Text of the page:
European studies blog

24 September 2014

Silence is golden

Silence is out of fashion nowadays.  A recent report  found that:

‘Most people would rather be doing something than sitting alone thinking, a new study finds, even if it involves self-administering a painful electric shock ... What is striking is that simply being alone with their own thoughts for 15 minutes was apparently so aversive that it drove many participants to self-administer an electric shock that they had earlier said they would pay to avoid.’

Early literature was all for silence. Religious writers recommended the potential contemplative who wished to get closer to God to cease inner monologue. M.J. Woods describes how in attempting to get into the mind of the sixteenth-century mystics such as St John of the Cross ‘I was aware of my liberation from another habit which had become so ingrained over the years that its presence had seemed an automatic fact of life, that of the inner monologue of verbal thoughts which had previously accompanied most of my waking moments’ (p. 43).

Moralists of a less religious hue, although they recognised that society would break down without speech, impressed upon their readers (often young and impressionable) that silence trumped speech any time. In the words of Cato: ‘nulli tacuisse nocet, nocet esse locutum’ [it never harms anyone to have been silent; it harms to have spoken].

‘Solon cum aliis loquentibus taceret interrogatus a Periandro utrum propter inopiam verborum an quod stultus esset taceret respondit: Nemo stultus tacere potest.’
[When he was silent while others talked, Solon was asked by Periander why he was silent: through a shortage of words or because he was stupid. He replied: ‘Nobody who is stupid can be silent.]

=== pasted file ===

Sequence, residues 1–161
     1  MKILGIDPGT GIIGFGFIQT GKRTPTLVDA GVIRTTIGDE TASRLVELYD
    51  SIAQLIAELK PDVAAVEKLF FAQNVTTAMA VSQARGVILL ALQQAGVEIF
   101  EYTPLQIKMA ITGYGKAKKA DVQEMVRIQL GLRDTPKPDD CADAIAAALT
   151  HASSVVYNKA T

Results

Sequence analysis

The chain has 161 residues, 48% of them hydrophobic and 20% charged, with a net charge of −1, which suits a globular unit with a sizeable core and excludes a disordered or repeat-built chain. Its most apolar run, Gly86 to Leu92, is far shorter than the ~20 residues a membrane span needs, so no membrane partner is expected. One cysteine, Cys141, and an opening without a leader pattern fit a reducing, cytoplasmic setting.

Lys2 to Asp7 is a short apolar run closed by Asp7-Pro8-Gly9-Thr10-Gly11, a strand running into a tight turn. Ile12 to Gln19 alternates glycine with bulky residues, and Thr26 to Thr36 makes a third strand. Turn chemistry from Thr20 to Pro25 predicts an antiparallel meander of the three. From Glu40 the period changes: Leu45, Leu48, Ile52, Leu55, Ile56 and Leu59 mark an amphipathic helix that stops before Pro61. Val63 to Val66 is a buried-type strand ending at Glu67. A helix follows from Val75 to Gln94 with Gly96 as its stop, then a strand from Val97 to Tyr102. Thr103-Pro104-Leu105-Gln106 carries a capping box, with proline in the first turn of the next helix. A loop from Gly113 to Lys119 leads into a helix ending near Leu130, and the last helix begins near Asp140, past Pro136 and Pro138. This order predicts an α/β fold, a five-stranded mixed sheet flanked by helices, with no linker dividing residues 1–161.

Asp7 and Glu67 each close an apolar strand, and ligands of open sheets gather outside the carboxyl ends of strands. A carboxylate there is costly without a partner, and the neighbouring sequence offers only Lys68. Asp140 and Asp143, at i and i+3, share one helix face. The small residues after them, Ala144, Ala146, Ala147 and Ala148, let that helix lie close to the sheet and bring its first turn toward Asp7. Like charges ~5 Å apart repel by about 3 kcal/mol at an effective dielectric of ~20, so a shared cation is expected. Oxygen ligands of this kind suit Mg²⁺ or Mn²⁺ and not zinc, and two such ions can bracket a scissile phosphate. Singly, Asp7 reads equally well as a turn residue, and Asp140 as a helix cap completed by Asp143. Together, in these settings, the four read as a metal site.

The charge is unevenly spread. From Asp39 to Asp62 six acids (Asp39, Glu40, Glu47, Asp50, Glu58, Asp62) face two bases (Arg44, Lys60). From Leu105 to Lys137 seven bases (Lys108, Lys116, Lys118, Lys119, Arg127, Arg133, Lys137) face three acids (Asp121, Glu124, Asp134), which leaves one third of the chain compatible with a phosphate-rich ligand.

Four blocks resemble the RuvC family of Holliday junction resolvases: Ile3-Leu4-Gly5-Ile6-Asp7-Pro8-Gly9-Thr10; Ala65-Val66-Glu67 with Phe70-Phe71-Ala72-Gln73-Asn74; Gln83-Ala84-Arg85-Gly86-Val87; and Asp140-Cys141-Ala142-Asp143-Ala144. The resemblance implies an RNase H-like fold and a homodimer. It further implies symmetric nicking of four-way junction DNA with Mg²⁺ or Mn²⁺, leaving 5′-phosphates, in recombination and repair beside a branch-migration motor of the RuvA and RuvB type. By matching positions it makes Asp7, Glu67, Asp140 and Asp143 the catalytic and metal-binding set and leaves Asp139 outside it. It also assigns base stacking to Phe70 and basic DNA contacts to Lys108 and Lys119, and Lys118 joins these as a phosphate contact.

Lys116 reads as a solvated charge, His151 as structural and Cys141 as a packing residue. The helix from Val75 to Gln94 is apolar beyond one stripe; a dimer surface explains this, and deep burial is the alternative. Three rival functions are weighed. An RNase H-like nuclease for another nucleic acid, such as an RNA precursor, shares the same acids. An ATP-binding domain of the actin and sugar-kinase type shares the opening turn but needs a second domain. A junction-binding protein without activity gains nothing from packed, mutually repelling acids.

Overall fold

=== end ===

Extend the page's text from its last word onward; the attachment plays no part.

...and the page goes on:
Martin of Braga, De Moribus (attributed to Seneca): ‘Qui nescit tacere nescit loqui’ [He who does not know how to be silent does not know how to speak].

In their study of mediaeval works on the sins of the tongue, Carla Casagrande and Silvana Vecchio list: blasphemia, murmur, mendacium-periurium-falsum testimonium, contentio, maledictum, contumelia-convicium, detractio, adulatio, iactantia-ironia [I’m not sure I like irony being a sin], derisio, turpiloquium-scurrilitas-stultiloquium, multiloquium, verbum otiosum-vaniloquium, and last and by all means least tacturnitas: one sin of silence against dozens of speech-sins.

A page of quotations on garrulityEntries for ‘Garrulitas’ (above) and ‘Silentium’ (below) from  Josephus Langius, Anthologia, sive florilegium rerum et materiarum selectarum … Editio postrema ... correctior ... auctior (Strassburg, 1631) 1075.h.10.

Two pages of quotations on silence

By way of visual illustration, we show pages devoted to ‘Garrulitas’ and to ‘Silentium’  from one of the many (and ever fatter) editions of the Polyanthea of Mirabelli issued between 1503 and 1681, a crib for many great authors such as the Swan (Shakespeare) and the Phoenix (Lope de Vega).

So remember that next time a librarian tells you to shush.

Barry Taylor, Curator Hispanic Studies


M. J. Woods, In the mind of the Spanish mystics (London, 2000) YC.2000.a.12949

B. L. Ullmann, ‘Joseph Lang and his Anthologies’, in Middle Ages - Reformation - Volkskunde. Festschrift for J. G. Kunstmann (Chapel Hill, 1959),  pp. 186-200. Ac.2685.k/9.[no. 26]

Carla Casagrande and Silvana Vecchio, I peccati della lingua (Rome 1987). YA.1988.a.11900

Diarmaid MacCulloch, Silence : a Christian history (London, 2013) YC.2013.a.17221


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